Another excellent study by this researcher on the biology of Neotropical snails. Although other species from tropical montane wet forests might show different behaviour, I guess the pattern will largely follow the observations here presented.
Reference: Barrientos, Z., 2020. Microhabitat selection, and seasonal and daily activity of the snail Tikoconus costarricanus (Stylommatophora: Euconulidae) in tropical montane wet forest understory. – Revista de Biología Tropical, 68(4): 1131-1142.
Cuba is a mega-diverse malacological ‘paradise’ and relatively well-studied, not the least by the continuous efforts of Cuban malacologists. Quite remarkably a new species was found, classified even in a new genus, by Hernandez et al. Their abstract reads “A new genus and species of Cepolidae is described from the Island of Cuba: Plagiosimilis gibarensis gen. et sp. nov. It is classified in Cepolidae based on the following diagnostic characteristics of the family: dart apparatus consisting of a dart sac with a pedunculated gland on its apical side, both covered by a sheath; at the base of the dart apparatus there are two accessory glands; absence of a diverticulum. The specimens from the new genus come from the northern part of the Holguin province in the vicinity of the town of Gibara and live in special habitat dominated by Tillandsia plants. Shell with the rounded last whorl, circular umbilicus and strongly reflected lip distinguishes conchologically the new genus. The reproductive system and the shell differ from the other genera, although have a certain similarity with the genera Plagioptycha and Hemitrochus.”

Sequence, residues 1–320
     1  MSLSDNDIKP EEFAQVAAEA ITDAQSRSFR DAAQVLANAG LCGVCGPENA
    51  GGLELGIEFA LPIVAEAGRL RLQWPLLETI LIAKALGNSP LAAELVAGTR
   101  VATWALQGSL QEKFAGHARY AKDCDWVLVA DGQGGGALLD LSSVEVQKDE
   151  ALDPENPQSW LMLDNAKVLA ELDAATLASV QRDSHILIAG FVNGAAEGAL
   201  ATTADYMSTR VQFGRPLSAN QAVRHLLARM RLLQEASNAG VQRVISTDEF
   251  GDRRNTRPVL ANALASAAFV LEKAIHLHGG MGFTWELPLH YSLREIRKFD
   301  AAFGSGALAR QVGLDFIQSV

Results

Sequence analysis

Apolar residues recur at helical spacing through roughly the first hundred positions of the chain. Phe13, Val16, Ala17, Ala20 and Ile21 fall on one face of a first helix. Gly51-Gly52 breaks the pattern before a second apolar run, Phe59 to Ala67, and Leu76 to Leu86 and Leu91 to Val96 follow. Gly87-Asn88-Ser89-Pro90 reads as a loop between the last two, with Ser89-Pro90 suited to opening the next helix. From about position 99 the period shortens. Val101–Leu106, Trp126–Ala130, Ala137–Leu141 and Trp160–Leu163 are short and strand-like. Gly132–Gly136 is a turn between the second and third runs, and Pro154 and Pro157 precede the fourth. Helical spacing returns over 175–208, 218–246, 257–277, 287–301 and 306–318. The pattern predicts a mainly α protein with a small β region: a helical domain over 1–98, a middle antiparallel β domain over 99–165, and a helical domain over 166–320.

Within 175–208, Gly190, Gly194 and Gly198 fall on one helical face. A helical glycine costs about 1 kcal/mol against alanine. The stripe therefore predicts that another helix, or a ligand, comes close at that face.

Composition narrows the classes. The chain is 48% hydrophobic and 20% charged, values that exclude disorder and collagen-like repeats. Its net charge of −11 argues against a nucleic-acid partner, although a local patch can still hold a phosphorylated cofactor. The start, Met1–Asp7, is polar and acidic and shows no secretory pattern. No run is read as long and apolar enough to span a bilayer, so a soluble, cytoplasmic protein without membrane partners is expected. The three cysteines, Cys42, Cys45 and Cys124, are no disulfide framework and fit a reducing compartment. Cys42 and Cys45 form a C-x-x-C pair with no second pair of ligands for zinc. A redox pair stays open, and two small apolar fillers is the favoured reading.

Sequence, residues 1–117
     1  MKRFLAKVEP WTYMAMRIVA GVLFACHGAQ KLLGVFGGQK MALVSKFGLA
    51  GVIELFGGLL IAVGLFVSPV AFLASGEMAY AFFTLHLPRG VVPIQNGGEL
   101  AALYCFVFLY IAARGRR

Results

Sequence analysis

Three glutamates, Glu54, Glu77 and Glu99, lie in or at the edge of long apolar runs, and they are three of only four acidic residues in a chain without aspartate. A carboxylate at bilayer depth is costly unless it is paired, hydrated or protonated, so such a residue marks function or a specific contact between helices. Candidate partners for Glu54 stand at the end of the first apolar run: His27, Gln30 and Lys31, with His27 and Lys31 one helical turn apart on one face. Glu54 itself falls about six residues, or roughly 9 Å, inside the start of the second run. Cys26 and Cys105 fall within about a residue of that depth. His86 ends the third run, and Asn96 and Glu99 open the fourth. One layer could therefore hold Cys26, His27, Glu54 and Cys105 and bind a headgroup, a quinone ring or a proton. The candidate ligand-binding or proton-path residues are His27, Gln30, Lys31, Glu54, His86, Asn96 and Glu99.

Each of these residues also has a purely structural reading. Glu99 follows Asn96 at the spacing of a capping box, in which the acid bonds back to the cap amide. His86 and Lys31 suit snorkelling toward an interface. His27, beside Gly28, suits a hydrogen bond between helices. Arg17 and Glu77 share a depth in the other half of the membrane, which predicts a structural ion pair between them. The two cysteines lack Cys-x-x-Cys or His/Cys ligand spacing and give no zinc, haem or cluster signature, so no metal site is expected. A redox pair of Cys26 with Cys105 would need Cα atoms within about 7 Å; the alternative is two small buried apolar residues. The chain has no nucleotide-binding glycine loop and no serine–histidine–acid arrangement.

As you see its always possible to find something unexpected, even in a country that is so well-studied as Cuba.
Reference: Hernandez, M. et al., 2020. A new genus and species of cepolid from Cuba. – Ruthenica 30(3): 155-164.